Representative samples: Other programs test “representative samples” of the populations in question. That includes the National Assessment of Educational Progress (NAEP), the so-called “gold standard” of domestic testing.
Every few years, the NAEP tests the nation’s fourth- and eighth-graders. But it doesn’t try to test all such kids. Instead, it tests carefully selected samples of same.
It’s much like election polling. The samples are selected to provide representative numbers of kids by race, ethnicity, family income and geographic region. Whether in election polling or educational testing, no sample can perfectly represent the full population from which it is drawn. But carefully drawn representative samples can also provide for sensible comparisons from one year to the next.
In running the SATs, the College Board doesn’t engage in either practice! The SATs don’t test all the nation’s high school seniors. Nor do the SATs attempt to test a representative sample of same.
The College Board simply gives its tests to any student who signs up and takes them! There’s nothing wrong with that practice, of course, until we start over-interpreting the results of such testing. But every year, the demographic blend of the tested students has been changing, in ways which can be fairly substantial. These means that the SAT program isn’t designed to produce meaningful year-to-year comparisons.
Presumably, Anderson understands this. As he continued his front-page news report, he quoted a College Board official and offered some sensible warnings about overinterpretation.
But alas! Wouldn’t you know it? He left one warning out:
ANDERSON: Schmeiser cautioned against “overinterpreting small fluctuations” in average scores from year to year.The SAT doesn’t test a representative sample of high school seniors. According to Anderson, “that makes comparisons of scores among schools, school districts or states problematic.”
Caveats abound when SAT scores are released. The students who take it are in most cases a self-selected sample, motivated to endure a grueling exercise of 3 hours and 45 minutes on a Saturday. (The test is offered during school days in all public high schools in the District of Columbia and a handful of states.)
Some students take the SAT two or three times. Scores also track closely with family income, rising with affluence, so annual variations in who takes it can swing the results. That makes comparisons of scores among schools, school districts or states problematic. The lower the participation, generally, the higher the scores.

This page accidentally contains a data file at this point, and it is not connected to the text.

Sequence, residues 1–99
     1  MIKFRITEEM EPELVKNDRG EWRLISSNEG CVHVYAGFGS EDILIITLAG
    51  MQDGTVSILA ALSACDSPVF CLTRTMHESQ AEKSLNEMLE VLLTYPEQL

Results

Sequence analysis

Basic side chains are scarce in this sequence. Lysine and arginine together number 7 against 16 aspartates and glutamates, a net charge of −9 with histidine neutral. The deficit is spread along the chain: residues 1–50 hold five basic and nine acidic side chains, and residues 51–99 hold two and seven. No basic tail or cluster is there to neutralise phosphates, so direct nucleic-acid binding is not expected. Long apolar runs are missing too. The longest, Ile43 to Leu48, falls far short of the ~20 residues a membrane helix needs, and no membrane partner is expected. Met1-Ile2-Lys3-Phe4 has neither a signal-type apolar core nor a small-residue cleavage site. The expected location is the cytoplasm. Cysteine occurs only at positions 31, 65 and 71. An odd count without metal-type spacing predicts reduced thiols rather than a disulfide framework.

That statement is perfectly accurate. But the lack of representative samples also makes year-to-year comparisons of SAT scores “problematic,” as Schmeiser may have said.
But so what? Starting right in paragraph one, Anderson built his entire front-page report around just such a comparison! Needless to say, it led to a standard conclusion about the need for “reform.”
Is it “difficult to pinpoint a reason for the decline in [average] SAT scores?” Actually, no—it’s impossible! It’s impossible to pinpoint the reasons for the decline in overall average scores—or for the rise in many scores on both the SAT and the ACT once you “disaggregate” scores, once you break the scores down by demographic groups.
Alas! Due to our brutal racial history—due to ongoing social policy—white kids and Asian-American kids score much higher on the SATs, on average, than black and Hispanic kids do. And duh! If the lower-scoring groups constitute a higher percentage of students tested as the years go by, this will tend to lower the average scores!
Anderson understands that, of course. Everyone understands that! But it seems he didn’t want to explain it—and this unhelpful, brain-dead reluctance is quite widespread in our “mainstream press corps.”
Tomorrow, we’ll look at where it can lead when big newspapers play us this way. In the meantime, remember two basic points:
At the Washington Post, all roads lead to decline in our public schools, probably due to the lack of “reform.” By rule of Hard Pundit Law, this official establishment narrative must always be repeated, no matter how large a con you must pull to reach that desired conclusion.
Please remember that basic point! As we’ve shown you through the years, that narrative rules all mainstream coverage of educational testing, international and domestic.
Results of educational testing must always lead to that conclusion! Something has to be terribly wrong in our schools, presumably due to our ratty teachers and the lack of “reform!”
Please remember that basic point, which controls all coverage of testing. But while you’re at it, please remember your new mantra too:
The SATs are not designed for that purpose! The SATs are not designed for that purpose!
Presumably, Anderson understands that. Perhaps it was his corporate editor who made him take it out!
Tomorrow: Onward and downward to the horrors at Slate. Beyond that, what did the AP write? What occurred at the Times?